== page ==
Autism, Gluten-Free Diet and Celiac...HELP!

Joined Nov 29, 2001
My favorite cousin (don't tell the rest of them) has a son who was diagnosed with Autism. She's seeing a nutritionist who has prescribed a very strict regimen of gluten-free foods. She has 2 other children and tries to accommodate them all by preparing different foods for them so they don't have to sacrifice their favorite goodies.

This is completely new territory for me and I'm hoping nutritionists and people with specialized knowledge of this type of diet will step up and lend a hand. Does the gluten-free thing equate to "celiac" concerns? I've heard the term "celiac" bandied about but never had occasion to know exactly what it referenced.

If anyone knows of websites where one can get gluten-free recipes or diets that seem to be helpful to autistic children, please share. If you know of a really effective website that deals with autism in general, I'd appreciate that too. And more information is better than less here, so don't hold back! I don't mind chasing down any lead to help my cousin.
Joined Sep 21, 2001
My wife is a social worker who works with developmentally disabled individuals, including persons with autism. According to her, diet is not as effective as hoped in helping people with autism. She has mentioned some therapies that ARE effective and I will post some additional info later on. According to her, parents of autistic children are so desperate for a "cure" that nutrition therapy has been tried a a course of action with many of her clients and has no scientific data to show any positive results. Also she says that people with autism tend to be picky eaters in their own right which further compounds the difficulty of a diet therapy.
According to my wife, EARLY INTERVENTION and INTENSIVE BEHAVIORAL THERAPY is the key to successful treatment of autistic children. This is even MORE work than cooking a special diet.....My heart goes out to your cousin.
Joined Aug 11, 2000
My 14 year old has autism. Diet does matter to some. James' cognitive level bottomed out and his fits increased with intensity when he had dyes, sugars including too much fruit, MSG....OJ would set him off within 20 minutes. Peppermint candy would send him into a knock down drag out. Milk/dairy has been dramatic for some, not mine.
Your cousin will need all the support she can get. It is grueling. Build a network not just for her and her son with autism but with her other children.....
Strange I was just thinking of throwing out years of accumulated information. E-mail if you want to put her in touch with me, I'll be glad to talk to her.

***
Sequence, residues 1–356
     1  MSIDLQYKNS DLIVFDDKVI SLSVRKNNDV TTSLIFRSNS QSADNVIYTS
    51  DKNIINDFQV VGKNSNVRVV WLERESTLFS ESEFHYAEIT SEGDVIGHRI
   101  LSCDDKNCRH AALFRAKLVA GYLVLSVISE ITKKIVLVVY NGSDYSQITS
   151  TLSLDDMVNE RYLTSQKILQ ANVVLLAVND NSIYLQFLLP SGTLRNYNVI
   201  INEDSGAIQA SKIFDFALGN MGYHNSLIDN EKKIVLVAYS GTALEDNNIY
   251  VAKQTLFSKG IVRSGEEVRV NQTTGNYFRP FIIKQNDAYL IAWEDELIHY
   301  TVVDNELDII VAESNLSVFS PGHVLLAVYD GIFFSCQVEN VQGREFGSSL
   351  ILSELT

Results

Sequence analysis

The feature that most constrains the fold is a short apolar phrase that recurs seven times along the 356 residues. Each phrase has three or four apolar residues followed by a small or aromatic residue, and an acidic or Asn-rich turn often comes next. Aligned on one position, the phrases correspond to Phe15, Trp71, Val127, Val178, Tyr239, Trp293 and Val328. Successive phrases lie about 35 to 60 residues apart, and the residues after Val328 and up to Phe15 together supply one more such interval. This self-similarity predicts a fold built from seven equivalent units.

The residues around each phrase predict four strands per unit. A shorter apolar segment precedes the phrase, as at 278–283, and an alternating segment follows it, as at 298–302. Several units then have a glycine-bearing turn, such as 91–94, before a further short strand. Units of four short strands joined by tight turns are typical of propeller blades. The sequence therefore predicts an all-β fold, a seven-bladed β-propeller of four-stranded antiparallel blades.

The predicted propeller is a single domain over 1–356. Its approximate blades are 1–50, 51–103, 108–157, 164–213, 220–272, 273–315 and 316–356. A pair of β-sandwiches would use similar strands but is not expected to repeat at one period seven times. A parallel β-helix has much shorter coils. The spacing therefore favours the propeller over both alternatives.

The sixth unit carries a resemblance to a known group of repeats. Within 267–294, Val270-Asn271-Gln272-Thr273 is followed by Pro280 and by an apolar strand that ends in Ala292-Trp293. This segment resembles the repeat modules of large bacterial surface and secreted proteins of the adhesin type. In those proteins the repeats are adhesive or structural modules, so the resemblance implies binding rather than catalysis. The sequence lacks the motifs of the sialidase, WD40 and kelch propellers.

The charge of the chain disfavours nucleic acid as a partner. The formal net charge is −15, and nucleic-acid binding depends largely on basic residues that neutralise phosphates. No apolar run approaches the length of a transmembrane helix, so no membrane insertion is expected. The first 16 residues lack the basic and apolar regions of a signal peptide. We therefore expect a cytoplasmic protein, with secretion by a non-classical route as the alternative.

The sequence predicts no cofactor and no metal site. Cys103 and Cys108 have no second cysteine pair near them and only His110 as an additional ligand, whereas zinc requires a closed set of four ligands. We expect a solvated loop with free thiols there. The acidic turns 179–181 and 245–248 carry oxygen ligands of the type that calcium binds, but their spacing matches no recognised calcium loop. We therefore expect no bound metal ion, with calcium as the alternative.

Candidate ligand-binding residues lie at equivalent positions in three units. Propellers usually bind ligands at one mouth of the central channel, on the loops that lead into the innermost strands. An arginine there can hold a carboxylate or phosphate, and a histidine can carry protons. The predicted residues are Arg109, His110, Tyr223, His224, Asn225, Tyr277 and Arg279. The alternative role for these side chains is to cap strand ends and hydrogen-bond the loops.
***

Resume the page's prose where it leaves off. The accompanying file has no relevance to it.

Joined Nov 29, 2001
She explained the gluten thing by saying, "Their bodies digest gluten and it becomes like morphine in their system." I have copied and pasted all your replies (thus far) to an e-mail to them, including all the referenced websites and text. I can't tell you how much I appreciate any feedback. It's always best to speak to people who have been there or have a link to those who do - or have been educated in the subject by one circumstance or another.
Joined May 30, 2002
celiac disease is a gastrointestinal disorder that is modified by consuming gluten-free foods. It is akeen to a food allergy.
While I know next to nothing about autism, it appears that in its case gluten, as a nutritional substance or its metabolites, are able to trigger bad neural signaling which leads to the suffering of the autistic individual. It has nothing to do with the absorption from the intestine: it is the inability of the body to handle the effects of the gluten/metabolites on the nervous system. I don't know why gluten would be so detrimental, but it seems it is an individual reaction, and as such will be figured out by trial and error. I am infinitely sorry for your cousin as well as the other members here and wish you all heartfelt courage.

Joined Jan 26, 2001
In my search for chickpea flour, I came across a website that might be helpful for you as well.

Gluten-Free Pantry

I requested a catalog and they seem very aware of the needs of people with autism, celiac, allergies, and even those with certain blood types.

They offer flours, breads, mixes, cookies, snacks, vitamins, pasta, cookbooks, and also helpful resources.

Hope this helps! Now you can cook for them when they visit!!


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